The public knows nothing of all this. The press does not report it. A good many naïve people think that something useful and good is being done. Others could care less. Others like me are annoyed at the whole thing. We write articles to get it out of our systems. Maybe someone will listen, or enough people will listen so that eventually a change is made.

Many people want to know where the economy is going. Such knowledge is valuable. I wish I had it too. We have it – to a degree. If anyone has it to a high degree and speculates on it, they are very wealthy. I am not aware that many people have made their fortunes in this way. Certainly, the economists in power who are formulating fiscal and monetary policy for our benefit (ha!) have not made their fortunes this way. Even if they had, I’d wonder if it were luck. Even if they had, there is no guarantee that their past success at forecasting the economy of 1985 (say) will enable them to forecast the economy of 2010. Even if they had, I’d prefer not to be under the dominion of their pet theories.

Here is what I have come to believe about economies and policy-making.

There really is no such thing as a business cycle in the mathematical sense. The cycles that appear in the data are irregular in timing, amplitude, and particulars. Economies are too complex and changing to give rise to regular cycles.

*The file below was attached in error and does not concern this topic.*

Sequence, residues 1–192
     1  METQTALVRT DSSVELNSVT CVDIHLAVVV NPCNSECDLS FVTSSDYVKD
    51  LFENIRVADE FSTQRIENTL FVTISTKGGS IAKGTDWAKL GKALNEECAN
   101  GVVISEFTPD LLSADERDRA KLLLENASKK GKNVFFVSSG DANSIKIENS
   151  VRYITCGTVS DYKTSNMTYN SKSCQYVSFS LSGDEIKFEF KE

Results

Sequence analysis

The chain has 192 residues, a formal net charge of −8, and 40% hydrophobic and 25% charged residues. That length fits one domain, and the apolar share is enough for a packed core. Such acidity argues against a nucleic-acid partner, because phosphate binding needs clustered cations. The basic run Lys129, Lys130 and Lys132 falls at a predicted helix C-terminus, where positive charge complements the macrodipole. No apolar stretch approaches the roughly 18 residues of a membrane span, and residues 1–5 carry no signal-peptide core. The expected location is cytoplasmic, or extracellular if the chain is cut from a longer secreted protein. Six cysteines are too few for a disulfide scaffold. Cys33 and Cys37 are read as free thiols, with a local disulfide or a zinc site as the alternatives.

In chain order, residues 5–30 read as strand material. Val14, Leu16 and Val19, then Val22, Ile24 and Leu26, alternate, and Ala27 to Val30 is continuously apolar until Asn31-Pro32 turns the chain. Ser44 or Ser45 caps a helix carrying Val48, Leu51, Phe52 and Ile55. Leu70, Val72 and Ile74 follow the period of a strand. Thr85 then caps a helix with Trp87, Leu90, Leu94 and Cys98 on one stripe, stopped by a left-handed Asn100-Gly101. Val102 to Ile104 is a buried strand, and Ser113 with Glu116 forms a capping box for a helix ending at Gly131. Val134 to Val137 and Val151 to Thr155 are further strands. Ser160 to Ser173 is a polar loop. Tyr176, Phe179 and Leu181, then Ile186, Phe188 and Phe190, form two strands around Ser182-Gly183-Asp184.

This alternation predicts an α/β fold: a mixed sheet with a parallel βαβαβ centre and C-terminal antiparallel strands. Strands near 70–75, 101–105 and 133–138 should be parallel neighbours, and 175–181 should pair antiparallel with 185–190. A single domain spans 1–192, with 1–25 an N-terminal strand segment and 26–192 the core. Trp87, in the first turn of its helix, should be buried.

If no one really understands an economy, then no one can control it. Policy-making at the national level, as usually conducted in the effort to control the economy, is futile. Even when policymakers attempt to make an economy more free or de-control it, they frequently mess up. Perhaps their hearts are not in it.

Attempts to control an economy by national policy-makers make matters worse. In many places in this world where there are nation-states with economic control by the government, the people would be better off without any State at all or at least without such economic control. There is no guarantee that they would suddenly make economic progress, for that takes certain beneficial social institutions. But at least there would be removed an injurious force.

Any country that has a recession that goes on for more than 3 years probably has a serious political problem. Economies usually recover naturally within 3 years if they are going to recover at all. If they do not, there are probably obstacles being placed in their path by policy-makers. Spontaneous recovery can be aborted or delayed by fiscal and monetary policies. Recovery can also be over-stimulated to such an extent that a subsequent recession is caused.